●Clause 17 –Hours of duty;and
      ●Clause 26 –Personal leave.

[36] These factors weighed in favour of making the Proposed Award.

The extent to which the enterprise instrument provides enterprise-specific terms and conditions of employment Item 4(5)(e)

[37] It was submitted that there are enterprise specific terms and conditions that apply to employees of the applicant. A few are worthy of mention:

      ●AFP-specific allowances (such as ‘diving allowance’and ‘render explosives harmless allowance’);and
      ●Restrictions on the ability of the AFP to engage specified term and casual employees.

[38] The parties also submitted that the AFP Award 2002 contains seven classification levels,with salary relativities unique to the AFP. The parties submitted that while the lower levels are similar to other Commonwealth public sector awards,the higher levels benefit from a substantial increase in base remuneration,which were designed to reflect the career progression with the AFP.

[39] The parties submitted that if a modern enterprise award were not were not made,the classifications and established pay relativities would be lost and instead obtained from modern awards with more general application. It was submitted that this would be contrary to the principle of equal remuneration for work of equal value as between AFP employees.

[40] These factors weighed in favour of making a modern enterprise award.

The likely impact on the persons covered by the enterprise instrument,and the persons covered by the modern award referred to in paragraph (b),of a decision to make,or not make,the modern enterprise award,including any impact on the ongoing viability or competitiveness of any enterprise carried on by those persons:Item 4(5)(f).

[41] The parties jointly submitted that

      ●While a majority of AFP employees are covered by an enterprise agreement,a decision to make,or not to make,the Proposed Award will be relevant to the operation of the better off overall test (the BOOT);and
      ●a decision to not make the Proposed Award would result in the BOOT being assessed against the aforementioned modern awards. The parties submitted that these awards do not contain terms and conditions that reflect the particular circumstances of employment at the AFP.

[42] As was made clear in the award modernisation Full Bench decision dated 4 December 2009 ([2009] AIRCFB 945 at paragraph 153):

    We agree with those who have suggested that the coverage of the award is very narrow and likely to be limited in time where emerging industries are concerned or where the expansion of coverage of a modern award is involved. Accordingly we do not think the award should contain a comprehensive safety net designed for any particular occupation or industry. Rather it should contain basic conditions only,leaving room for the application of an appropriate safety net in another modern award in due course.”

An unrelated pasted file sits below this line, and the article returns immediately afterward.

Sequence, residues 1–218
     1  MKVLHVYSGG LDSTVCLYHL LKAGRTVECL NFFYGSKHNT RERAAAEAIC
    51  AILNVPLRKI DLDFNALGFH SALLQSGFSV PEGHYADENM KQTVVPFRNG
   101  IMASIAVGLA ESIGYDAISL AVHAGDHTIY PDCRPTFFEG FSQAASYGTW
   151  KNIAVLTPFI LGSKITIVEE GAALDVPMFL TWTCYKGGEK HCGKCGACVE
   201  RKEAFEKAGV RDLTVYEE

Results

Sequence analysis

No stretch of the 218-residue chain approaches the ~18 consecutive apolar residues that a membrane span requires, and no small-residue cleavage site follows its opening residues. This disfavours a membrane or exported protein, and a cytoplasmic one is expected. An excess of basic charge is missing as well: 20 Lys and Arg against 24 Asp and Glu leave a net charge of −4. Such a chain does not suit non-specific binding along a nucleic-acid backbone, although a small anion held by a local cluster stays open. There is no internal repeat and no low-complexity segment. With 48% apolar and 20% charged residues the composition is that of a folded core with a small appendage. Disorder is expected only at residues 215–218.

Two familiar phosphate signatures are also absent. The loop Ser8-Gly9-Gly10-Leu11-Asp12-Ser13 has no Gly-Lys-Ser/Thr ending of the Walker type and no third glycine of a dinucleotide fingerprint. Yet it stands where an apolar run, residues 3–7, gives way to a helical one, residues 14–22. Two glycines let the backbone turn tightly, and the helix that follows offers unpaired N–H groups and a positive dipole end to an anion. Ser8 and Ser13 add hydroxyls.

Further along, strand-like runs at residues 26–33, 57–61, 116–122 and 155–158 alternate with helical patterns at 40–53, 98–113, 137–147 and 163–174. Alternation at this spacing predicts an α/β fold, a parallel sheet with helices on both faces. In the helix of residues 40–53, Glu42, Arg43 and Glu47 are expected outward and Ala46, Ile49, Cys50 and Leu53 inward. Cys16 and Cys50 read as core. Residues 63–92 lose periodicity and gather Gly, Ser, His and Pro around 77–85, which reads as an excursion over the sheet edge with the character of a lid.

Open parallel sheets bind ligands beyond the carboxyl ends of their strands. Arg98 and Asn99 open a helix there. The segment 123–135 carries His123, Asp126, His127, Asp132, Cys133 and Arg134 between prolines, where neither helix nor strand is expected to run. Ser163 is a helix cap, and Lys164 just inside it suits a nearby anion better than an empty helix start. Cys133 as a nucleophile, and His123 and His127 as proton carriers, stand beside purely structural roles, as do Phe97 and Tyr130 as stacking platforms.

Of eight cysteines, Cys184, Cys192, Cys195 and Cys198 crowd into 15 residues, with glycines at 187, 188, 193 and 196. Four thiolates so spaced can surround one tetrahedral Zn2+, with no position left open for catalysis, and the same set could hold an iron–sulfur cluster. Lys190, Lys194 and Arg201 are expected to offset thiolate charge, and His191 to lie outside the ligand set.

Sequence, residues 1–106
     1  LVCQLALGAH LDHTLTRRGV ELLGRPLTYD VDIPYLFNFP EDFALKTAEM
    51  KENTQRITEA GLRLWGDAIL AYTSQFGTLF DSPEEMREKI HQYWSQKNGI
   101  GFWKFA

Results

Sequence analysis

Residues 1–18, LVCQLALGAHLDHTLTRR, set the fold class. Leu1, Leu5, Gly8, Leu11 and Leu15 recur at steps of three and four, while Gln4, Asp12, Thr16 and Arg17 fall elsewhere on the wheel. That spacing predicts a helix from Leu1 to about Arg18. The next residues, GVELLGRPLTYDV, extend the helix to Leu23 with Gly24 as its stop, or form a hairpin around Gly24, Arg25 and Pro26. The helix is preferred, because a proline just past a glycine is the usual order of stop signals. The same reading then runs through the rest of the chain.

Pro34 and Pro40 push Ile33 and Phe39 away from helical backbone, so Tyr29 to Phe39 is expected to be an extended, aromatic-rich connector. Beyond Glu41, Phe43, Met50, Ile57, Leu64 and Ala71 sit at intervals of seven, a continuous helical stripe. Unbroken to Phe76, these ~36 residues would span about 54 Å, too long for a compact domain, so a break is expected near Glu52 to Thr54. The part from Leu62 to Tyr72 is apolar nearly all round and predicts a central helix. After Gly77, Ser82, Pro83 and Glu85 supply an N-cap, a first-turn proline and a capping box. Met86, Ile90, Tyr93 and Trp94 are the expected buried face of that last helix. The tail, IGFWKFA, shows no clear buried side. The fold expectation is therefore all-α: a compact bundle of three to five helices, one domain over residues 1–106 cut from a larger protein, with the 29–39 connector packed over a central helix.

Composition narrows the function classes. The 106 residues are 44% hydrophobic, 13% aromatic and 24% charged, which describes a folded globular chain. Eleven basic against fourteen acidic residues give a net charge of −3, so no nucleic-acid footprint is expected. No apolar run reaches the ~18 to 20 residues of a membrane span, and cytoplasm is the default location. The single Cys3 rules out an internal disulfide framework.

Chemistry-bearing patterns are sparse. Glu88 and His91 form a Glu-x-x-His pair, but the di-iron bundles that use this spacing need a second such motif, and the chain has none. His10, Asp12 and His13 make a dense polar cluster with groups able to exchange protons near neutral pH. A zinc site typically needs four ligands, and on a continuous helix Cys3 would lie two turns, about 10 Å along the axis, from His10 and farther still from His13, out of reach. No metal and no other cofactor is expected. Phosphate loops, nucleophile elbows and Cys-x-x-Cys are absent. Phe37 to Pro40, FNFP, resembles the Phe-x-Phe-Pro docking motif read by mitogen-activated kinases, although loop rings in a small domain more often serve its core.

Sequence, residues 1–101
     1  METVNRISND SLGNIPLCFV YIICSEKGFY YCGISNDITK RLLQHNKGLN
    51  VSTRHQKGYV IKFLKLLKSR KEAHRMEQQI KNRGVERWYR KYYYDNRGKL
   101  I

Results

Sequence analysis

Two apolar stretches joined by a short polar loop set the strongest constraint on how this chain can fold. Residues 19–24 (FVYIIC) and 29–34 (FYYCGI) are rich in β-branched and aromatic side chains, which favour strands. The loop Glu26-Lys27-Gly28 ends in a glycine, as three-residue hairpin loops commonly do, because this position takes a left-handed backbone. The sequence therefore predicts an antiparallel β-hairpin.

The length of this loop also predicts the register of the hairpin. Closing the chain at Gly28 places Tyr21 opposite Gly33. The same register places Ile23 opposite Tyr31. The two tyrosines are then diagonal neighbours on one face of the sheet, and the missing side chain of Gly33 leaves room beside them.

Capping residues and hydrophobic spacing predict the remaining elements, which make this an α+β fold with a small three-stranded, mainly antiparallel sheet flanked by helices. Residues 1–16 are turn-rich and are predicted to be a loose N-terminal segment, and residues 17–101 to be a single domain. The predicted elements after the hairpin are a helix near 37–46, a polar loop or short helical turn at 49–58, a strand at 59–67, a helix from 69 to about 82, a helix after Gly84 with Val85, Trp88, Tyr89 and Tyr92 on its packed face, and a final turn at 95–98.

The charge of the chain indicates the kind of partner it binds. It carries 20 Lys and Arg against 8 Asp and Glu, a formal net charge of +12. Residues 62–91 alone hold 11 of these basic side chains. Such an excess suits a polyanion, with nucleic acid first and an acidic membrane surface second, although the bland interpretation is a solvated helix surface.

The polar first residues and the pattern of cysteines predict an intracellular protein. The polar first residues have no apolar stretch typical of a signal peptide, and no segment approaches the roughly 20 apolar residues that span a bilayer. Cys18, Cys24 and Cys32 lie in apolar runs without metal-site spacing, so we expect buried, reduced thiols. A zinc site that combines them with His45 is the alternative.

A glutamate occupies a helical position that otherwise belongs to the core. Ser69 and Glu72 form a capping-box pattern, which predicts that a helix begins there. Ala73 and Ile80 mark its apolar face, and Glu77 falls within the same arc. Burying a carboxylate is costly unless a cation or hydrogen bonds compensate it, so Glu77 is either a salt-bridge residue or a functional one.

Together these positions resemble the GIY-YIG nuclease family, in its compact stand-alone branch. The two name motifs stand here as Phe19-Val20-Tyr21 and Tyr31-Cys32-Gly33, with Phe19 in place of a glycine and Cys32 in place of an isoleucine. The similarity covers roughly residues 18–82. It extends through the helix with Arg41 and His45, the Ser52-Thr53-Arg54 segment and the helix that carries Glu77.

[43] The Miscellaneous Award was not created or designed to be a universal safety net but to be a transition point to another modern award whose coverage may require review. These circumstances are a factor in favour of creating a modern enterprise award.

[44] These factors weighed in favour of making a modern enterprise award.

The views of the persons covered by the enterprise instrument:Item 4(5)(g)

[45] All parties to the Current Enterprise Awards supported the making of this modern enterprise award. No person opposed the award. Whilst consent is not decisive of the matter,it is a factor in favour of making a modern enterprise award.

Any other matter prescribed by the regulations:Item 4(5)(h)

[46] There were no regulations relevant to this criterion.

Should a modern enterprise award be made?

[47] AFP is a unique organisation. There is no convenient alternative award that can be said to better satisfy the modern awards objective than a modernised enterprise award.

[48] The history of the Current Enterprise Award discloses a rationale for its existence which remains current today. The terms of Current Enterprise Award contain enterprise specific terms. While some of these can and should be contained in enterprise agreements,the fact remains that the awards were developed for this enterprise,and once consolidated and modernised,remain the most suitable vehicle for a fair and relevant minimum safety net into the future. In our view there was a compelling case for the making of a modern enterprise award for AFP.

[49] The above factors clearly made the case for such an outcome. We considered that the Proposed Award should be made.

[50] While the Commonwealth Employment (Protective Service Officers) Section 170MX Award 2001 is not an instrument capable of modernisation,by virtue of being an agreement-based transitional instrument,the Australian Federal Police Award 2002 is capable of modernisation. On that basis we terminated both instruments and made the Proposed Award in the terms agreed between the parties as further amended and provided by the Commission on 22 July 2016.

VICE PRESIDENT

Appearances:

P McNulty. Ashurst

E Hardy,Australian Federal Police

K Melville,Australian Federal Police

K Barlow,Community and Public Sector Union

M Thomas-Richards,Australian Federal Police Association

Hearing details:

2014.

Sydney,Canberra.

May 23.

 1   [2015] FWCFB 616.

Printed by authority of the Commonwealth Government Printer

<Price code C, MA000142  PR583803>

About this document
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Code:
PR583803
Title:
PR583803 - Decision - 19 Aug 2016
Effective:
19 Aug 2016
Updated:
19 Aug 2017
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PR583803 - Decision - 19 Aug 2016